The connection between sleep apnea and diabetes has been apparent for some time now. A 2007 study by Yale researchers
found that sleep apnea increases a person’s risk of acquiring diabetes by two-and-a-half times, and scientists were recently able to effectively link moderate and severe cases of sleep apnea with the onset of Type 2 diabetes
. According to Brian Kent, a research fellow at St. Vincent’s University Hospital in Dublin who helped distinguish the connection between the two conditions in 2012, “our study shows that (obstructive sleep apnea) is independently associated with metabolic disturbances. This is important because people with (diabetes) … are more likely to die of cardiovascular disease.”
New research suggests the connection may be deeper than previously believed. Not only can sleep apnea make a person’s chances of acquiring diabetes more likely, but the breathing disturbances associated with sleep apnea can exacerbate the primary problem
those with diabetes suffer from: blood sugar control.
Breathing pauses (apneas) often occur during the rapid eye movement (REM) phase of sleep. REM can be considered a period of “deep sleep,” and is vital for securing a good night’s rest. A study by researchers from the University of Chicago found that apneas that occur during REM are particularly debilitating for blood sugar control, especially since REM mostly occurs late in the night, when many patients have removed their CPAP masks.
The doctors conducting the study concluded that sleep apnea “may influence long-term glycemic control,” and that the “benefits of CPAP therapy may not be achieved with … 4 (hours of therapy) per night.” Essentially, apneas during REM are particularly harmful to blood sugar control, and REM occurs during the period of the night where sleep apnea sufferers are least likely to be wearing their mask.
So, how bad is this new development for sleep apnea sufferers? It’s clearly not good news, in the sense that the new research only makes the link between sleep apnea and diabetes stronger. There could be some auxiliary benefits, however, if patients use this information to reinforce their positive sleep apnea therapy habits.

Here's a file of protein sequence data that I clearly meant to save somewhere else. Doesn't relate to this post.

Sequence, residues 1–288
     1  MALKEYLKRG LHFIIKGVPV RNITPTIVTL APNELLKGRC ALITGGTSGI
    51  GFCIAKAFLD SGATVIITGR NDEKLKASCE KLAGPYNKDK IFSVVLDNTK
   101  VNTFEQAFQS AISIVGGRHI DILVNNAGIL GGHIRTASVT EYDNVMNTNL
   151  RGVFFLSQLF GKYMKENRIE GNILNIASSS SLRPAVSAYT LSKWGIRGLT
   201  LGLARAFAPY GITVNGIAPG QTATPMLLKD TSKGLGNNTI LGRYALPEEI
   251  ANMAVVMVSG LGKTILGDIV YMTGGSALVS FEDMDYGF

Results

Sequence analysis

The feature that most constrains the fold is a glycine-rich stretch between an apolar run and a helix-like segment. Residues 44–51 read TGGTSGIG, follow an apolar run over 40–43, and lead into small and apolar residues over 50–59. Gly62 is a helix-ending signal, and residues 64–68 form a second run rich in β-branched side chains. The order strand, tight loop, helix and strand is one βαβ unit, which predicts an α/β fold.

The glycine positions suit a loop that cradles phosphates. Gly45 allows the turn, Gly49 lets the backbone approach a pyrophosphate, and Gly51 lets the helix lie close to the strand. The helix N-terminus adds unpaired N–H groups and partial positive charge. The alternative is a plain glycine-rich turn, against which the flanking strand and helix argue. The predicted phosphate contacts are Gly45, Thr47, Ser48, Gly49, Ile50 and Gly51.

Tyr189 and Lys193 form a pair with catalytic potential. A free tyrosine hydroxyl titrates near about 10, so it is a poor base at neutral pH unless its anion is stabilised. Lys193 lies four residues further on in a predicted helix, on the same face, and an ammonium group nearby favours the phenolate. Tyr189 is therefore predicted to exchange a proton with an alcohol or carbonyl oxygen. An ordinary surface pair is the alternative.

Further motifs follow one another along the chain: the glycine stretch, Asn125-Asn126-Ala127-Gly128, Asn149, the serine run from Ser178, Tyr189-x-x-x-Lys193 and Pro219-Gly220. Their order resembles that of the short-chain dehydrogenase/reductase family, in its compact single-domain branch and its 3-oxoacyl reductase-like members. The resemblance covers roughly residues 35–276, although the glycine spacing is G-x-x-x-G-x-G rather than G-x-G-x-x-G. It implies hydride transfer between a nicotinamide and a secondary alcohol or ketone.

The research suggests that diabetes does not come from the inherent condition itself, but rather from how the disease is mismanaged by patients. Essentially, sleep apnea will only worsen diabetes in cases where patients consistently suffer from apneas, particularly apneas during REM. Patients who are able to diligently manage their condition, and able to regularly wear their CPAP mask
throughout the night, are far less likely to have sleep apnea drive their blood sugar levels out of control than those who ignore their sleep apnea therapy or people who are unaware that they need treatment.
As is often the case with regard to sleep apnea, it is imperative to manage the condition constantly. Using a CPAP machine
at night will not only help you get a good night’s sleep, but it can also reduce your risk of acquiring other diseases, and can mitigate the symptoms of other conditions, particularly diabetes. So do yourself a favor, and give yourself the CPAP therapy you need to get through the day.